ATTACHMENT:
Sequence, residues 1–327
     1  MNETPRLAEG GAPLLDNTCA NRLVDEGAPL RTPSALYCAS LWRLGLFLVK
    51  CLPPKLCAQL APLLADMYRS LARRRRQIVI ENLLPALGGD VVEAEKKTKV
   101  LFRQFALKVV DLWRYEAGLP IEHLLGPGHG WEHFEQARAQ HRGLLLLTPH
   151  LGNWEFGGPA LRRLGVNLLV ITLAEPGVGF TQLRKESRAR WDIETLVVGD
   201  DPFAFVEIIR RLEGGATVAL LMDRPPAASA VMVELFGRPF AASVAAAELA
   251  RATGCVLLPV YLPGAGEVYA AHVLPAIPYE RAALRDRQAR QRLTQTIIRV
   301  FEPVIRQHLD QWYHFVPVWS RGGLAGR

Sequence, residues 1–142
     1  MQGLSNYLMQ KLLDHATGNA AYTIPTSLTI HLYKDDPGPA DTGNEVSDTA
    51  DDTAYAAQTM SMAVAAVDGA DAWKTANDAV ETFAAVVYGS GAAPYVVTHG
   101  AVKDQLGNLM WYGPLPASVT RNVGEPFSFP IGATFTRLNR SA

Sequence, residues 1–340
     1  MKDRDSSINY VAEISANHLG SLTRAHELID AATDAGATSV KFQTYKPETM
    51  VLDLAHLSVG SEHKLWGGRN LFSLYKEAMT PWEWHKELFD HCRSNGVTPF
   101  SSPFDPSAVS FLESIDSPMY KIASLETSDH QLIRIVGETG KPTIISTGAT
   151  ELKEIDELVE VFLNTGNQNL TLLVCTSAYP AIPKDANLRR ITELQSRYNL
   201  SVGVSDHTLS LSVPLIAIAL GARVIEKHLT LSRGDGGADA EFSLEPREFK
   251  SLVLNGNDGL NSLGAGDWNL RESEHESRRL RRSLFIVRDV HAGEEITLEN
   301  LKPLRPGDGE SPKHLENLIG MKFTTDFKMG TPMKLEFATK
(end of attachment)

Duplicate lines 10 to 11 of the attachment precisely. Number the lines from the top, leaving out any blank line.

     1  MQGLSNYLMQ KLLDHATGNA AYTIPTSLTI HLYKDDPGPA DTGNEVSDTA
    51  DDTAYAAQTM SMAVAAVDGA DAWKTANDAV ETFAAVVYGS GAAPYVVTHG